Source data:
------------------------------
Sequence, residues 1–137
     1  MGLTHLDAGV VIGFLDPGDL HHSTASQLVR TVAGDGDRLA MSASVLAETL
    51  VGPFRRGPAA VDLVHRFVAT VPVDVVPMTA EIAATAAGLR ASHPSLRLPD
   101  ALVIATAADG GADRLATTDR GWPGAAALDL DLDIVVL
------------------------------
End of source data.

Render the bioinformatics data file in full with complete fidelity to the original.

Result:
Sequence, residues 1–137
     1  MGLTHLDAGV VIGFLDPGDL HHSTASQLVR TVAGDGDRLA MSASVLAETL
    51  VGPFRRGPAA VDLVHRFVAT VPVDVVPMTA EIAATAAGLR ASHPSLRLPD
   101  ALVIATAADG GADRLATTDR GWPGAAALDL DLDIVVL